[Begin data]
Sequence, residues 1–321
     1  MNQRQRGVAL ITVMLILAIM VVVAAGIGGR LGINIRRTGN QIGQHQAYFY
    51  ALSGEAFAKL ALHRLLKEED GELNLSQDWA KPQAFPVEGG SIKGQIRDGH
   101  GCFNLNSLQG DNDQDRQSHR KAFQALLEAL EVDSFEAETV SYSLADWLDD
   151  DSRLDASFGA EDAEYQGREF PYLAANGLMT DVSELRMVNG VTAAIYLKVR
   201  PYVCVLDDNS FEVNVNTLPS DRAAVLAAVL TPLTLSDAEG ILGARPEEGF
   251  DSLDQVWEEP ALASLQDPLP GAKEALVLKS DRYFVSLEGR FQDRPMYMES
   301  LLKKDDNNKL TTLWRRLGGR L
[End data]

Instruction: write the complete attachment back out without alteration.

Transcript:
Sequence, residues 1–321
     1  MNQRQRGVAL ITVMLILAIM VVVAAGIGGR LGINIRRTGN QIGQHQAYFY
    51  ALSGEAFAKL ALHRLLKEED GELNLSQDWA KPQAFPVEGG SIKGQIRDGH
   101  GCFNLNSLQG DNDQDRQSHR KAFQALLEAL EVDSFEAETV SYSLADWLDD
   151  DSRLDASFGA EDAEYQGREF PYLAANGLMT DVSELRMVNG VTAAIYLKVR
   201  PYVCVLDDNS FEVNVNTLPS DRAAVLAAVL TPLTLSDAEG ILGARPEEGF
   251  DSLDQVWEEP ALASLQDPLP GAKEALVLKS DRYFVSLEGR FQDRPMYMES
   301  LLKKDDNNKL TTLWRRLGGR L